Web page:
Ultimately, all his biographers can do is build their personal versions of Shakespeare, some of which are sharply contradictory. Park Honan in "Shakespeare: A Life" fashions a moderate, fastidious Shakespeare wedded to the social order. Katherine Duncan-Jones in "Ungentle Shakespeare" styles him as an adventuring misogynist who caroused and got syphilis. In "Shakespeare's Wife," Germaine Greer makes the case that he was loyal to his bride, while Greenblatt in "Will in the World" hazards that the groom was entrapped and insulted his wife with the last stroke of his pen.
To believe in the Cobbe portrait therefore means subscribing to a version of the man. If it's him, it would mean he had courtly pretensions. It would also suggest he was intimate with Southampton. Could Shakespeare have risen so far -- and presumed so much? Duncan-Jones says no; Wells says yes. Wells acknowledges the patchwork nature of his reasoning. "You have to do a lot of stitching," he says. "Where you've only got a limited number of pieces, you've got to create the links."
To create those links, the inquirer must use the imagination. Let it travel a little. And when you're on the trail of Shakespeare, where do you go?
Why, England, of course.
STRATFORD-UPON-AVON -- He was born in April 1564 and grew up in a large market town, the son of the mayor. His parents were social climbers. His mother, Mary Arden, claimed kinship with an illustrious old Warwickshire family, and his father, John, was a glove-maker who yearned to rise above his trade. He dabbled in entrepreneurial wool dealing, money lending and land speculation, and he also served the town council as everything from ale taster to constable, and finally mayor. He spent years pursuing a coat of arms, the coveted but closely guarded stamp of aristocracy, a case his son took up, too.
The home on Henley Street was low-ceilinged, with exposed timbers and stone hearths, and it had an animal reek from John Shakespeare's workshop, stacked with softened skins ready for stitching. Will helped with the chores, to which he may have applied a grandiose imagination, according to notes for a biographical sketch taken by 17th-century antiquary John Aubrey, drawing on sources who had known Will. When a calf had to be killed, Will would do it "in a high style and make a speech."
Stratford was a village of broad, flower-decked lanes graced by mullioned windows, alongside which meandered the bends of the Avon River, moving like syrup. Shakespeare would incorporate the landscape into his language; he found "tongues in trees, books in the running brooks, sermons in stones and good in every thing" ("As You Like It").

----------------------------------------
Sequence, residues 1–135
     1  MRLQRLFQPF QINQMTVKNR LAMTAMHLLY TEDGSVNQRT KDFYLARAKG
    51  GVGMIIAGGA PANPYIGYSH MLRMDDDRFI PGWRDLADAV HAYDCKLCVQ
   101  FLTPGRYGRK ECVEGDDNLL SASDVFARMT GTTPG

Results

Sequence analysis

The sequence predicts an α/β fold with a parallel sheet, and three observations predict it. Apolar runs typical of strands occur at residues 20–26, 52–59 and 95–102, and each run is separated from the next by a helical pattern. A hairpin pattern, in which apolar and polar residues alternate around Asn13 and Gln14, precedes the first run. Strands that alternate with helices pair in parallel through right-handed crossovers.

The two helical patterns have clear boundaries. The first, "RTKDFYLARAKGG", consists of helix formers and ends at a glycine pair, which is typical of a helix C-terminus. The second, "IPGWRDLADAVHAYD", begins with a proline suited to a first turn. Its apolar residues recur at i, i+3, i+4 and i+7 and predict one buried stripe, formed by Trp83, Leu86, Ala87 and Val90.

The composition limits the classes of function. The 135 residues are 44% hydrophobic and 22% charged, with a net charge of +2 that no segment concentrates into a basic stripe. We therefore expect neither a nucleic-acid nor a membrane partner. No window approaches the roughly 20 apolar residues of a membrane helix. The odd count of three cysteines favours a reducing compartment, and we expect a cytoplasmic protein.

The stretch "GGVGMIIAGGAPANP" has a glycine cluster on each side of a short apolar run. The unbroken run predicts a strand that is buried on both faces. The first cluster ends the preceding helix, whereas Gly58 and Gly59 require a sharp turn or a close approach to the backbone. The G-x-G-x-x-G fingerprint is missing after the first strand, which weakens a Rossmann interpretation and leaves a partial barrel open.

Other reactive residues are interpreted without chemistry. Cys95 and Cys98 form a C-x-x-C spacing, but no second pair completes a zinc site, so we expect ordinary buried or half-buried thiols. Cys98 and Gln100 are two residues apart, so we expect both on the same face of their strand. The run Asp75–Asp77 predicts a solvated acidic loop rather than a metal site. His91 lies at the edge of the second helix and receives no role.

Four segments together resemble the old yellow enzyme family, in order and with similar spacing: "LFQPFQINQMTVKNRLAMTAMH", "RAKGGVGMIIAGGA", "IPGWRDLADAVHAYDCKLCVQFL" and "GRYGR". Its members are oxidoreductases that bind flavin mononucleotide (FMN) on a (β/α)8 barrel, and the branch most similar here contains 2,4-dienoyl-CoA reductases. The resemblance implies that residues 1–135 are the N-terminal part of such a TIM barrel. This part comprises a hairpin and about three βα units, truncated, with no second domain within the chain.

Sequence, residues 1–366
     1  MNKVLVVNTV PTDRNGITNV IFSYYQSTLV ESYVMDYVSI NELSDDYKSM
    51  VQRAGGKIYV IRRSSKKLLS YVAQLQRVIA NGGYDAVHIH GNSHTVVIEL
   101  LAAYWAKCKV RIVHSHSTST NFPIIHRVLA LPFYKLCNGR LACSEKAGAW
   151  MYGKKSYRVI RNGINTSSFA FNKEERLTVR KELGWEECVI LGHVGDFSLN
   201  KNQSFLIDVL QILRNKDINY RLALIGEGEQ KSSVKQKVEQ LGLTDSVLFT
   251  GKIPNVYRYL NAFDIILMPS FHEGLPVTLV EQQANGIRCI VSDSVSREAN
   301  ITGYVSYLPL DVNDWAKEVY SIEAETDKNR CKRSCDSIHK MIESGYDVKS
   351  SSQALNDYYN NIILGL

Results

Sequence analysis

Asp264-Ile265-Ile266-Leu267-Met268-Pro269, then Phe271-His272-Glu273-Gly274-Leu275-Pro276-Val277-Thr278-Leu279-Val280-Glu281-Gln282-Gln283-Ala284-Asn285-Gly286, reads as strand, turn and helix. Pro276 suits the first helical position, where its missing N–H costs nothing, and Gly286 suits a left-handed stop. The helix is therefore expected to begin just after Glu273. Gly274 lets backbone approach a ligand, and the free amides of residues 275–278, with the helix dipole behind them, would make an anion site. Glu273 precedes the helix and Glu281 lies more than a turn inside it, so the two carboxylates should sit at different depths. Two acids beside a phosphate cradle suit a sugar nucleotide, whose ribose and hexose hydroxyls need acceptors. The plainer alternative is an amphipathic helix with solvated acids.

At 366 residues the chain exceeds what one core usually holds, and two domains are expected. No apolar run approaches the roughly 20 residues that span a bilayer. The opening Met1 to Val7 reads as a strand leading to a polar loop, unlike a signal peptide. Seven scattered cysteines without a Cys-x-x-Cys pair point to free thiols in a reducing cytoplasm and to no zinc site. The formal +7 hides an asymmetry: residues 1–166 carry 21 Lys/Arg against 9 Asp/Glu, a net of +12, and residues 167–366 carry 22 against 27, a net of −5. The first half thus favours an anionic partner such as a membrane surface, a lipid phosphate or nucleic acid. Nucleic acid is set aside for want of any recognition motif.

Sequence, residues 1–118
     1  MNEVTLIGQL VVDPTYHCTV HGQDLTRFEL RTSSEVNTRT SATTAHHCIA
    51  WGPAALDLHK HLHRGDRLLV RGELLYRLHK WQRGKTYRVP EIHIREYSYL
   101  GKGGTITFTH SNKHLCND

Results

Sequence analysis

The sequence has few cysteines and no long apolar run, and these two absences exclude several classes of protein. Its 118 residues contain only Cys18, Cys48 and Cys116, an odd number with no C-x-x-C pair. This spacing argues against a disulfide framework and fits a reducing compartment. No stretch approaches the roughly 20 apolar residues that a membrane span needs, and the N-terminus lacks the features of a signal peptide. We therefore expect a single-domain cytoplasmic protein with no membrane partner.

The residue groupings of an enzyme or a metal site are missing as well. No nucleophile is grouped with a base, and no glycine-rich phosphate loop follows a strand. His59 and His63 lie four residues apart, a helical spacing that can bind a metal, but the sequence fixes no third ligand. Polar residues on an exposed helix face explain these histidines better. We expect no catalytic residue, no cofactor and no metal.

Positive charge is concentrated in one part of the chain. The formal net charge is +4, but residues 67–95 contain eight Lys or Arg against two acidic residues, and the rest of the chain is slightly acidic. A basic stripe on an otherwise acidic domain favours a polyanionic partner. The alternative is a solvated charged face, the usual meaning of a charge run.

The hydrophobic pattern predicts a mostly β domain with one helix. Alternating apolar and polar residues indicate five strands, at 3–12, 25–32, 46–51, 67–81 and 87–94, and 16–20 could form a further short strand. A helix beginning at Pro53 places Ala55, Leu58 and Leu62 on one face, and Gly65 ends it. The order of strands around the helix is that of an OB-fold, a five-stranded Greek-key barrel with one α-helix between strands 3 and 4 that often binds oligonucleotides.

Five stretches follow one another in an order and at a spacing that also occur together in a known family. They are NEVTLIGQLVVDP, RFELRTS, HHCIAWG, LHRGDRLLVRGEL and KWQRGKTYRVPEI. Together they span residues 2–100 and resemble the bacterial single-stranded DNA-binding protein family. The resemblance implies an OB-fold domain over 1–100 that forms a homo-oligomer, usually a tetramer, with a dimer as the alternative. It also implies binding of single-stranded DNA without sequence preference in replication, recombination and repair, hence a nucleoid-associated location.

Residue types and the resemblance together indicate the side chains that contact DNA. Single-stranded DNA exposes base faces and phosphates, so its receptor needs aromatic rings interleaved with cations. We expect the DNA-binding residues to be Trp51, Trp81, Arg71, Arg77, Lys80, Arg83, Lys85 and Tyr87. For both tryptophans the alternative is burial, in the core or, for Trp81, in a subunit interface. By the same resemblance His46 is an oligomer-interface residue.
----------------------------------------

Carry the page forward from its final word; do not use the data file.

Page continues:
As a middle-class elite, he was educated at the local grammar school, where from age 7 to 15, six days a week, Stratford boys memorized Ovid, Terence and Plautus. It was an exquisite education taught by a succession of young Oxford scholars and would strain today's college student. Later, Shakespeare's rivals would slur him as poorly read. His pedantic friend Ben Jonson remarked that he had "small Latin and less Greek," but that was because he hadn't gone to Oxford or Cambridge. His Latin was good enough to toy with phrases in his plays.
Whatever hopes Shakespeare had of attending a university were dashed when his father's speculations ruined the family financially. By age 16, Will had to go to work. He probably became a teacher, according to Aubrey, whose sources were Shakespeare's godson, William Davenant, and the son of an actor in his company named Christopher Beeston. "He understood Latine pretty well for he had been in his younger yeares a schoolmaster in the Countrey," Aubrey wrote.
The cramped, debt-ridden household on Henley Street soon became even more crowded. In the late summer of 1582, when Shakespeare was 18, he impregnated the daughter of a local farmer, Anne Hathaway. They married hastily, and she moved in. Daughter Susanna was born in May of 1583, and twins Judith and Hamnet arrived in February 1585. Whether Shakespeare was an enthusiastic husband or a reluctant one has been debated for 300 years. There were no more children, and he shortly decamped for the London theater, suggesting married life was unhappy. On the other hand, he made the three-day, 94-mile horseback ride to Stratford annually.
He arrived in London in 1586 or 1587, perhaps after joining one of the theatrical companies that regularly toured Stratford. It would have been a stunning sight on first arrival, a jumble of turrets, ecclesiastical spires, waterfront palaces, battlements and chimneys. Huge-masted ships on the Thames jockeyed with barges, and church bells tonged over the jangle-cries of merchants. It was a teeming, steaming, bawling, stenchy town with a population of about 200,000.
Londoners frequented two public spaces more than any others: bordellos and theaters. Crowds of 2,000 to 3,000 packed the playhouses every afternoon but Sundays and during Lent. James Shapiro, author of "A Year in the Life of William Shakespeare: 1599," estimates that one-third of Londoners attended a play a month, and some went to far more than that. In any given week, 15,000 spectators heard actors such as the trumpet-voiced Edward Alleyn.